Lillian Ladele and Gary McFarlane, who refused to provide services for gay people, are among four Christians taking appeals to European Court of Human Rights today
A man and a woman who refused to do their jobs for gay people are among four British Christians taking employment tribunal appeals to the European Court of Human Rights (ECHR) today (4 September).
The two, who said their religious beliefs meant they shouldn’t be asked to provide services for lesbian, gay and bisexual people, are joined by two more people who fought to be able to wear a crucifix symbol at work.
Lillian Ladele was a marriage registrar for Islington Borough Council in north London who refused to conduct civil partnership ceremonies for same-sex couples when they were legalized in 2004.
But in 2007 bosses changed the way she was employed, so she could no longer choose to avoid civil partnerships.
She argued Islington bosses were forcing her to chose between her religious beliefs and her job. She won her case in 2008 but an Employment Tribunal Appeal hearing reversed that decision in December of that year and that new ruling in the council’s favor was upheld in 2009 by the Court of Appeal.
Gary McFarlane’s worked for relationship counseling organization Relate at a time when it was making big strides to include lesbian and gay couples as well as heterosexuals.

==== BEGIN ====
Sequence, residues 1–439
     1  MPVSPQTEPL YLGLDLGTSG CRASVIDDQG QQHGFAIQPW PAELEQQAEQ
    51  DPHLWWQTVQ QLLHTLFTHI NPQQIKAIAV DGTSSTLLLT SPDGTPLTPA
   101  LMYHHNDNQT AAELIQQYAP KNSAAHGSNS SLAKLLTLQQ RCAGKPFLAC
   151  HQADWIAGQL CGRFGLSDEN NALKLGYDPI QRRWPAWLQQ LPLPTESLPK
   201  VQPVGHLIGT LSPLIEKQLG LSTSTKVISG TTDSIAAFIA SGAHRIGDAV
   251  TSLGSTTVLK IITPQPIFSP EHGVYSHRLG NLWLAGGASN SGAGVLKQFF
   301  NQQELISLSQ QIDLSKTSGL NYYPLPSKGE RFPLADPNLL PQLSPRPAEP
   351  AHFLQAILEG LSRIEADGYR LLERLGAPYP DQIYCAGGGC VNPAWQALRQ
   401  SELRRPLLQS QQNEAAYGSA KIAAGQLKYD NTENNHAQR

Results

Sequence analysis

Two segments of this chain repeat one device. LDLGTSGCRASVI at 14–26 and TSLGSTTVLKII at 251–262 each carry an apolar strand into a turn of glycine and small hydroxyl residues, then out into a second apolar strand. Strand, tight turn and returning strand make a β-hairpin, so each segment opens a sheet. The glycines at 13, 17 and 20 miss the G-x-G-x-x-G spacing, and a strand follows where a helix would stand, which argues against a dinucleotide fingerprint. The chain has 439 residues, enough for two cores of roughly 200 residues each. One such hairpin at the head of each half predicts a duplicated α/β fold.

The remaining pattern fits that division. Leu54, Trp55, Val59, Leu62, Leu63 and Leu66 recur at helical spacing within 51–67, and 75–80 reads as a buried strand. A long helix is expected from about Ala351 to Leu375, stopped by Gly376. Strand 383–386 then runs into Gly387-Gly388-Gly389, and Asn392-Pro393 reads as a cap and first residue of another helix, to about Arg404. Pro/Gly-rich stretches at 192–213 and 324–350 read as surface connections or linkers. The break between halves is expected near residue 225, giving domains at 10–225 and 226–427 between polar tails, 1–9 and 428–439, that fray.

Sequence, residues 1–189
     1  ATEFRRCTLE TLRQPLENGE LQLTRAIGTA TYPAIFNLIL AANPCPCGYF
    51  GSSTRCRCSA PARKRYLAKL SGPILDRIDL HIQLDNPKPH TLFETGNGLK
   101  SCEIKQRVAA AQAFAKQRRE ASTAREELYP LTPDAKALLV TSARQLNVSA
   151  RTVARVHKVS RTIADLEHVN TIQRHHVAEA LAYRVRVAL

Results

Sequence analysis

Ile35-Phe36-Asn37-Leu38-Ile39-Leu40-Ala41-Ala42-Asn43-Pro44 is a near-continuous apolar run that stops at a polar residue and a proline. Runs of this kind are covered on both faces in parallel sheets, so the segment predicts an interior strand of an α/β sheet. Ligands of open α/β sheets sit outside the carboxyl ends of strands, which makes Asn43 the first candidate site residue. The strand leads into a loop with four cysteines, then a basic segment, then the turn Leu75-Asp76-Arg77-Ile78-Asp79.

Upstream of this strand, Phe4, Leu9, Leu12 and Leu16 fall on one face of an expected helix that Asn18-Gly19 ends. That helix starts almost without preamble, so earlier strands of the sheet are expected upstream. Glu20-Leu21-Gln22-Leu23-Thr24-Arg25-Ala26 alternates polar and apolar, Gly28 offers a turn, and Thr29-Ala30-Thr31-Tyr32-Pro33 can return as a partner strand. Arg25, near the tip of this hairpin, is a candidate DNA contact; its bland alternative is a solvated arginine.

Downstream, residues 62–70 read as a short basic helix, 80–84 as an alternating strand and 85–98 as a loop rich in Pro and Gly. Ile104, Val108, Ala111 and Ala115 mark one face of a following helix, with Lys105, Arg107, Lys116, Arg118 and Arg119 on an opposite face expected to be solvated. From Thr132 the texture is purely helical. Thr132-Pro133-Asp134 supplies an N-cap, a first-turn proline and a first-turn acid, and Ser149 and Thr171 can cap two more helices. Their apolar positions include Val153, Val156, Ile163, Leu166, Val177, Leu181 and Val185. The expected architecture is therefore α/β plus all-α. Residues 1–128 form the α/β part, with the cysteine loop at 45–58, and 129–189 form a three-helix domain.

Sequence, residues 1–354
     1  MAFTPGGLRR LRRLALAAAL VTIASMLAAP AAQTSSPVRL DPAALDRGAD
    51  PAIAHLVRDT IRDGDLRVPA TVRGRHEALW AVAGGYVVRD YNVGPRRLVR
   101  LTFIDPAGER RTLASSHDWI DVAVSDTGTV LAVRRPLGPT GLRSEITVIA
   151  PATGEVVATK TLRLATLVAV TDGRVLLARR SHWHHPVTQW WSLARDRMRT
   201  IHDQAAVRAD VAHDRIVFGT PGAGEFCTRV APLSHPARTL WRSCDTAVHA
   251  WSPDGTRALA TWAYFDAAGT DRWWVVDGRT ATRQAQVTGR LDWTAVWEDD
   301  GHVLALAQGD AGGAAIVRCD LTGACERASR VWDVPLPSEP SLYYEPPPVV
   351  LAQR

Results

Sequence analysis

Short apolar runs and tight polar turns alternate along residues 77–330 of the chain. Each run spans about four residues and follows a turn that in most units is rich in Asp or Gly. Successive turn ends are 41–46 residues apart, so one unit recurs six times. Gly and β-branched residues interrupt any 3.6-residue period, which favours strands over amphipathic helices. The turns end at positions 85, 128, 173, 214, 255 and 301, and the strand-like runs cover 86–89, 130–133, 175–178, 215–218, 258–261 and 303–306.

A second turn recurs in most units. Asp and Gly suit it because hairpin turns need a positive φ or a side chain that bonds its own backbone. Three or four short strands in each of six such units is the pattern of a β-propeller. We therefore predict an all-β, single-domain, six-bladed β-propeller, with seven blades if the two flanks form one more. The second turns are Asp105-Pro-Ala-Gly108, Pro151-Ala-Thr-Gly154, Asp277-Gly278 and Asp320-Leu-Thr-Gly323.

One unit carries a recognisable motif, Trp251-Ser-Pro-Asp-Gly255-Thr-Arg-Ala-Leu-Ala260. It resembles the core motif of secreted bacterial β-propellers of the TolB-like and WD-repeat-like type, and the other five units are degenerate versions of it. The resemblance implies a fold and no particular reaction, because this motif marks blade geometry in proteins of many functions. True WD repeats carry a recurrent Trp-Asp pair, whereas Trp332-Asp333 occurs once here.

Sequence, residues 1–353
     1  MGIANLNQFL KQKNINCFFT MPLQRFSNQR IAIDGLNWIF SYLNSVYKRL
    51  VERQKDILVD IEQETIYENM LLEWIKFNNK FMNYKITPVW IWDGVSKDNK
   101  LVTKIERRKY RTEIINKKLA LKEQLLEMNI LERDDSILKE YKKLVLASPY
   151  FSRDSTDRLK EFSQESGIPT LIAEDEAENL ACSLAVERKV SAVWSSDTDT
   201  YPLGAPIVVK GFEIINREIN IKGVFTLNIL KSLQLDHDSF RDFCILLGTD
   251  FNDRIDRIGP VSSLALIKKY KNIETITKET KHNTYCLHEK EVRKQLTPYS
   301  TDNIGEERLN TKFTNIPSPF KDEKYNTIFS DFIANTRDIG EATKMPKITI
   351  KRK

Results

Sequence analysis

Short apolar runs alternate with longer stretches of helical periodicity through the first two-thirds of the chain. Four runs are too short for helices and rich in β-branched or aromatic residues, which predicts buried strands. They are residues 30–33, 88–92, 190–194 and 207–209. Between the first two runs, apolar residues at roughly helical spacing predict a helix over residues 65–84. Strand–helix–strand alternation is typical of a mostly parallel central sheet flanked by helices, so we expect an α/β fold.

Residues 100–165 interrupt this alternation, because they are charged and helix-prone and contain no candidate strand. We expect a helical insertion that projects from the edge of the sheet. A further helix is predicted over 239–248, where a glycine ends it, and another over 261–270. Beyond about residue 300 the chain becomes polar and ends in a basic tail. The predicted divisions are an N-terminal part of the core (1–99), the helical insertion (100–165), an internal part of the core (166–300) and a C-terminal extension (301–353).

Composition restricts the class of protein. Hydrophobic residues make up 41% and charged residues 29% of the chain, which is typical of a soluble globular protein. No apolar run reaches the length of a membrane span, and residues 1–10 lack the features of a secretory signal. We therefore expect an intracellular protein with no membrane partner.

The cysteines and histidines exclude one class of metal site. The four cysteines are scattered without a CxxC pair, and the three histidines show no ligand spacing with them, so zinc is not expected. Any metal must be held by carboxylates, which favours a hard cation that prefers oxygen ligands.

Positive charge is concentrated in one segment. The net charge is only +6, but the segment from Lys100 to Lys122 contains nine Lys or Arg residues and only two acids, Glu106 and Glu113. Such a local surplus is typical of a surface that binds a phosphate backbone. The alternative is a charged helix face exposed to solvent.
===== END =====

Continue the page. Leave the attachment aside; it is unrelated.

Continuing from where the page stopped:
He was a sex therapist – which Relate describes as ‘unshockable’ counselors dedicated to people improving their sex lives to help them improve their relationship.
But as a Christian, McFarlane said he wouldn’t be prepared to work with gay and lesbian couples in that way if the subject ever came up.
He was suspended in October 2007 and eventually dismissed for gross misconduct in March 2008.
His case was turned down by an internal appeal board within Relate, then by an Employment Tribunal. An appeal also failed and in 2010 the Court of Appeal twice refused to allow him further appeals.
They will be joined at the ECHR by two other Christians, Nadia Eweida and Shirley Chaplin who both lost their fights to wear their crucifixes at work.
Robert Pigott, religious affairs correspondent for BBC News, predicted the rulings in the cases would be significant.
He said: ‘By making this as an oral hearing, the European Court is clearly troubled by it and taking it very seriously.
‘Attention will focus especially on the ruling in the cases where Christians claim they faced discrimination by being forced to provide services to gay people despite their belief that homosexual practice was wrong.
‘It seems likely that, whatever is decided in Strasbourg, Christians will soon be able to wear crosses at work, but the judgment on their beliefs about homosexuality will be far-reaching.’